Digital Transformation at Norbord Improves Productivity
Like many commodity manufacturers, Norbord needs precise control over processes and platforms to simplify equipment monitoring, and make smarter decisions, faster.
Norbord, the world’s largest producer of oriented strand board (OSB), has always been horizontally aligned and operationally focused, and faced challenges familiar to many global manufacturing operations:
- Fragmented operational data and manual data processing that makes it hard to contextualize and capture value from that data
- Homegrown and disconnected plant-floor applications
- Rigid, preventative plant maintenance
Norbord is embracing digitalization to utilize operational data to identify solutions that will drive improved productivity and reduced controllable costs – and enable high-value activities and increased visibility of upstream and downstream workflows.
Simplifying the Digital Transformation Journey
Norbord teamed with Rockwell Automation to help work with the realities of its business and provide a more holistic perspective throughout their entire journey – a vendor that provides the depth of expertise and breadth of thinking needed to see possibilities and transform them into reality.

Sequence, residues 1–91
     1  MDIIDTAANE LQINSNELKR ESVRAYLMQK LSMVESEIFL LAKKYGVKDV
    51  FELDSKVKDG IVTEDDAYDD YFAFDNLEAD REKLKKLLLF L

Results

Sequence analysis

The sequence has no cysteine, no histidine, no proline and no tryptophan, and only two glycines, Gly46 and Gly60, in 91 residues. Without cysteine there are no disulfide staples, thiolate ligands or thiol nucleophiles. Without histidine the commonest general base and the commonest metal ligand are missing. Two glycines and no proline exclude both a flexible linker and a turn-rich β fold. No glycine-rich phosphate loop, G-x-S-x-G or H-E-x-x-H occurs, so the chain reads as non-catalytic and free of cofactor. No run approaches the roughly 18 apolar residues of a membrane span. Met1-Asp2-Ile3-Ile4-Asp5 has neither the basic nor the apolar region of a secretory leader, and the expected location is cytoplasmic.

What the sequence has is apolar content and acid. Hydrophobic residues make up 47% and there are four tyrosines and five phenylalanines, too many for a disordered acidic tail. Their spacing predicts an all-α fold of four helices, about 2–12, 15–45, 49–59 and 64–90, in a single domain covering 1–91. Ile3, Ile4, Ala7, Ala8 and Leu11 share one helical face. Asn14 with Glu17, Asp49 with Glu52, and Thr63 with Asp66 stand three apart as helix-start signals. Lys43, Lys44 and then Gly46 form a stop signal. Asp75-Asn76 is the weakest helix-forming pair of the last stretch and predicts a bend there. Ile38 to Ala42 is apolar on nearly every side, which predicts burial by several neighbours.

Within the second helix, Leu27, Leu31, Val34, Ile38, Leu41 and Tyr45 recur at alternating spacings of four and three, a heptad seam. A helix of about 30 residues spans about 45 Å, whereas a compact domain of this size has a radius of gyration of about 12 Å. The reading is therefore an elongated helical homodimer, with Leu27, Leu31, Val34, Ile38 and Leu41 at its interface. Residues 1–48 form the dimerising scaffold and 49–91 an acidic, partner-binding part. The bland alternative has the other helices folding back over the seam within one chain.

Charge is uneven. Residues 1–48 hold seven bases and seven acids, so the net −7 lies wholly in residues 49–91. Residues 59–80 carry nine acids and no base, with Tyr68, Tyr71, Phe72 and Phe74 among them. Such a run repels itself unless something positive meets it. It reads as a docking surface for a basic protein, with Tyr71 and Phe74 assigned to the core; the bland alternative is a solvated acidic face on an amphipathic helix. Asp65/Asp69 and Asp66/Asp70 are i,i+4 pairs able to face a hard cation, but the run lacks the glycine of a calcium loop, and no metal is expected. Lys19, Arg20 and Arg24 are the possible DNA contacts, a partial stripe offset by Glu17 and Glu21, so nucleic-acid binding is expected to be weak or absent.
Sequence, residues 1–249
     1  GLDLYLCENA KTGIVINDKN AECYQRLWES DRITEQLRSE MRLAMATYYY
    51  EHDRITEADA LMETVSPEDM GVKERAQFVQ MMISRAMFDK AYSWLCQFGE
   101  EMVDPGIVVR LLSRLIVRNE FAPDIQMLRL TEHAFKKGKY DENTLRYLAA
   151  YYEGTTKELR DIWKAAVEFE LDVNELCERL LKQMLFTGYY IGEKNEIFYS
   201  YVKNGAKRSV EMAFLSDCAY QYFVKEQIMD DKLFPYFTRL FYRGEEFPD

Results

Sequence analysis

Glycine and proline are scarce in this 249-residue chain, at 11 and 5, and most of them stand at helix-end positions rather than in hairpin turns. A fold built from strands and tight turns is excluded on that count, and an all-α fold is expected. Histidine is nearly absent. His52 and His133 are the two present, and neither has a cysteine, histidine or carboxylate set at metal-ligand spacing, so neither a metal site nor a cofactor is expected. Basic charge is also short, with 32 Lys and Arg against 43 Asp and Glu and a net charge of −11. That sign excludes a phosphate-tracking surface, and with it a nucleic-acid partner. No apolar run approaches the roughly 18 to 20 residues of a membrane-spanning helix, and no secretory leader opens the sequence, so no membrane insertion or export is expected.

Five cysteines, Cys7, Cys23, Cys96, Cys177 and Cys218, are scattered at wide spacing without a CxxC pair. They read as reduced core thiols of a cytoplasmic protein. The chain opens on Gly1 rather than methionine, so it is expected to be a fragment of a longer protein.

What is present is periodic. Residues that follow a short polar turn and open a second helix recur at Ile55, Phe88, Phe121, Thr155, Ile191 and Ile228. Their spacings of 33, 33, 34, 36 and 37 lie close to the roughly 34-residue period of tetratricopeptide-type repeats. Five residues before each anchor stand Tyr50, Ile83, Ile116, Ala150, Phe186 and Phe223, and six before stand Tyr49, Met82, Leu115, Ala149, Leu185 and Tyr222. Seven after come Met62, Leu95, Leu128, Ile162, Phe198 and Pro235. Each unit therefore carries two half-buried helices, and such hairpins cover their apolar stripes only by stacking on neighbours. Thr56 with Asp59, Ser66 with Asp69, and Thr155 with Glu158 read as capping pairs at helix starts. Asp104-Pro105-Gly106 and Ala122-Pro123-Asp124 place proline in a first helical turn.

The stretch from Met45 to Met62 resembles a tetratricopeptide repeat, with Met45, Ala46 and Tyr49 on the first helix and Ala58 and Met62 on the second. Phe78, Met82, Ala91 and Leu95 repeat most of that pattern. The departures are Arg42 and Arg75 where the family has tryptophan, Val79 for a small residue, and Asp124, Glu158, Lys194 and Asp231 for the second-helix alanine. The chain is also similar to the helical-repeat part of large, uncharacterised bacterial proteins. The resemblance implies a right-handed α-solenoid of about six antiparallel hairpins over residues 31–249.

For Norbord, the Rockwell Automation services and solutions capabilities are integral to digital transformation. The continuous improvement journey is made possible with active collaboration and support through each phase of transformation, from consulting engagement to analytics implementation, from infrastructure readiness assessment to support services.
That deep domain expertise and leading approach to technology are made available through the Rockwell Automation partner ecosystem, resulting in offerings like ™, powered by PTC, and other innovations designed to accelerate the integration of OT and IT systems.
Process Starts with Pilot
Norbord’s digital transformation started with a pilot mill, targeting a significant improvement in Overall Equipment Effectiveness (OEE) and a downward trend in quality-related issues, and a detailed image of the cost and recipe structure for individual products.
“We needed to gain a better understanding, better insight and get more granular data about how our mills actually operate,” said Teja Schubert, Director, Controls, Automation and Technology, Norbord. “And we needed to be able to process this information faster, preferably in real-time, and take away a lot of the clerical work that people would spend time on like transferring data from one system to another or processing it.”